One of the most noticeable changes to my life over the last few years has been to my social circle with its size shrinking so small that there is no one who is not family or who I do not consider family. Leaving Ireland was traumatic. Enmeshed with my memories and friendships, I left behind a life I thought I loved. Untangling myself from all this was the hardest thing I have ever done and resulted in experiencing the greatest pain and suffering.
I felt judged and mistreated. I took to complaining, moaning and voicing my pain. Some tried to help, others said nothing, both infuriated me. Soon I was left with no one to trust or confide in. Either I pushed you away or shoved you into an uncomfortable position. I retreated into myself and lived a life of solitude. It worked for about a year. It suited me and my in/out of hospital lifestyle. Then I missed my friends. I was desperate for connection. I needed people around me, anyone would do. I raced on, rushing a few steps and soon I was in love with new people, moving them quickly through Acquaintance to Best Best Friend.
The new friends blow out as quickly as they blew in. Over two years these new relationships tested me. I learned to slow down, focus on myself and think about my past. Mr K has gone. The Hungarian I rarely see and The Architect – all smoke and mirrors; however, the California Girl and I remain.
On my birthday I sat feeling sorry for myself. I missed my old Irish friends. It was not their fault that they did not know what to say to me when my mental health broke down, nor are they to blame for having different lives to me. Children and babies are no longer part of my story yet I should appreciate that marriage and family is part of theirs. A new girl sat beside me at work, full of talk of weddings and babies, she excited me in a way I have not been in years. As I saw her future roll out I realised I had accepted my life and excited as to what would happen next. Mrs B to Be (now married) at first glance seemed like my nemesis until I realised she is the woman I once wanted to be like; loved, in control, confident and nurturing. I wonder how to bridge the gap between Ireland and England, my old life and the new me.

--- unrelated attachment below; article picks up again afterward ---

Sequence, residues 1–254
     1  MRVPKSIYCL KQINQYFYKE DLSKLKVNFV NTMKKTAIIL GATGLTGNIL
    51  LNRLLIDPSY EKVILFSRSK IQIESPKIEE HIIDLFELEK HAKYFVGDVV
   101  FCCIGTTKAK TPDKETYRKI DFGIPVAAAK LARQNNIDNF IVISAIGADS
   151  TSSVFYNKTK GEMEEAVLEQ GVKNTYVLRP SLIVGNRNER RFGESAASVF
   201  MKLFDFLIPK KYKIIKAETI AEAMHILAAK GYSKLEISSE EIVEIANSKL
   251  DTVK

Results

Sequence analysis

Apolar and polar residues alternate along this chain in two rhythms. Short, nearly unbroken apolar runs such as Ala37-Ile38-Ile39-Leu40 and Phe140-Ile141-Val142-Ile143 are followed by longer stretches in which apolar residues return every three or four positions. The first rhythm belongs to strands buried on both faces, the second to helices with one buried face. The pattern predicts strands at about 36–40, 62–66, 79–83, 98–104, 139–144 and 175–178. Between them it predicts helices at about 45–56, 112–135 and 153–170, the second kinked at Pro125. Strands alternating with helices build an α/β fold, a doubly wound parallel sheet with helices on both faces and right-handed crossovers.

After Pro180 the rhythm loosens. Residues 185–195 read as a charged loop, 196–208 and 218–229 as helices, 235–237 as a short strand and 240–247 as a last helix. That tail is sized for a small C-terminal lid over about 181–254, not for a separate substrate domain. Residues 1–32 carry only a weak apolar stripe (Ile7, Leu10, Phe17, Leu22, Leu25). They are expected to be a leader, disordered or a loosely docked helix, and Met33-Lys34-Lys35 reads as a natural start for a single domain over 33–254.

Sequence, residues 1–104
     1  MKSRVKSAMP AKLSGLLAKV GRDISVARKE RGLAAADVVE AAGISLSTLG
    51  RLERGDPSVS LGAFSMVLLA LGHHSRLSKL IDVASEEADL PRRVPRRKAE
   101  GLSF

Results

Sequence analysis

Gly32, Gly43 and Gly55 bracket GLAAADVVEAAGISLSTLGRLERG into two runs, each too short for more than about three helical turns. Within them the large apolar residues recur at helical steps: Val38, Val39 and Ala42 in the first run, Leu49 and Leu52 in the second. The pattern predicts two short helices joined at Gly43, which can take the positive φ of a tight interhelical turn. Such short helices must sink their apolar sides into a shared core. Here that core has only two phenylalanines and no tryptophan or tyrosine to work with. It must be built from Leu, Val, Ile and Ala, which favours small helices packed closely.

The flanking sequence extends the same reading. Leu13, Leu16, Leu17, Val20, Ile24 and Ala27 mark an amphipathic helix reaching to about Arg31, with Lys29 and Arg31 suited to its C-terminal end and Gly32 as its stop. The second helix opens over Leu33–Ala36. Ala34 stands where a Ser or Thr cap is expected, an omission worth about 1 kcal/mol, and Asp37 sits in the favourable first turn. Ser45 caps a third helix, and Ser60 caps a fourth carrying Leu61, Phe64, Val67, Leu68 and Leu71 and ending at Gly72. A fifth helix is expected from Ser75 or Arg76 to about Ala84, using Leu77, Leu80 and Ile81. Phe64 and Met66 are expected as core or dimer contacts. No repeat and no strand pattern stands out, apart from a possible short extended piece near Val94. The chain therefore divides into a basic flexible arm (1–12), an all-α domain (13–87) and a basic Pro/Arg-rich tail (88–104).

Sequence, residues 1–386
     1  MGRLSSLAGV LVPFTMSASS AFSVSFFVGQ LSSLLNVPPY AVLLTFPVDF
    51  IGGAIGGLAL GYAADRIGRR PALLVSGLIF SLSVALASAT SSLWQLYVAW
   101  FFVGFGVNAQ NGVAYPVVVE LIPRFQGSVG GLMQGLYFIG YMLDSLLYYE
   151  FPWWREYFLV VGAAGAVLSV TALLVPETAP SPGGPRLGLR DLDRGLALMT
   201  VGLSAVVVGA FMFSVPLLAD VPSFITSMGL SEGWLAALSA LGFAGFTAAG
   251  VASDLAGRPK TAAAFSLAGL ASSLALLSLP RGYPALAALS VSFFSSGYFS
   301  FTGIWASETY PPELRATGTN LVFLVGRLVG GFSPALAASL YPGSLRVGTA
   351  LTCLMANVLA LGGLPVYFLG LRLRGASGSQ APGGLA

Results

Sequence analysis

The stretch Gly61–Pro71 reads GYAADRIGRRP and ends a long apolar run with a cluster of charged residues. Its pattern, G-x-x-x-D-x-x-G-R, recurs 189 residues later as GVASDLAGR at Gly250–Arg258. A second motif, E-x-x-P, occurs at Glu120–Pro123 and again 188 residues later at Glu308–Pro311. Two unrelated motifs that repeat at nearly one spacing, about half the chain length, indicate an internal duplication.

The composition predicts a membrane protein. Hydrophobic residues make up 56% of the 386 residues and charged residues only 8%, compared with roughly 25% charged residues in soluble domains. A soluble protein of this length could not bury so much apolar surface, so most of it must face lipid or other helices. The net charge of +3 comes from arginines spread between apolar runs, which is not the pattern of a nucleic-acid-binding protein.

Mrs B is erudite and funny, calculated and hard working, stylish and caring. Above all she has the culture I tried to assimilate myself into and through her careful quietness and frank questioning, she allowed me to be myself and ascertain what I had always known, that I am a good friend and need not change myself for anyone.
I spent November alone. In December I ran into a school friend who encouraged me to go out with him and try to reconnect to some of my old friends. We sit in a bar for several hours discussing friends and relationship. I had given up smoking but felt I needed one after discussing my sad story. Outside I met a Dutchman and began a conversation. The next morning he messaged me and began our friendship.
The Dutch are notoriously open minded and direct, from the start I confess that I am scared to be his friend having lost so many and suffered. He allows me to talk through my fears of being left behind, of being let down and remaining on my own. Knowing he cannot reassure me that his friendship was genuine he hung back and gave support without giving too much. I slowly began to trust him implicitly.
After countless times of being let down by The Hungarian I give up. Come around next weekend says Mrs B. I’m coming to see you says the Dutchman.
I greet him with a smile, He arrives ready to listen and support. Over dinner and red wine I tell him about my writing, of my family, of Mrs B. He enjoys my stories and has a gift for me. He hands me voice recognition software called Naturally Speaking I cannot believe it! I have in my hands something that will change everything, I am holding my dreams, real treasure. He dismisses the gesture as something he had lying around. He makes me promise to put it to good use. I think of Mrs B who eagerly awaits the next chapter and will edit with a hawk eye precision. I must promise him that I will write. I offer out a pinkie and he looks at me before teaching me to spit between two fingers as the Dutch do, we laugh, we are friends.
These are the real friendships of the real me, support, love, kindness- naturally speaking with one another about how it should be.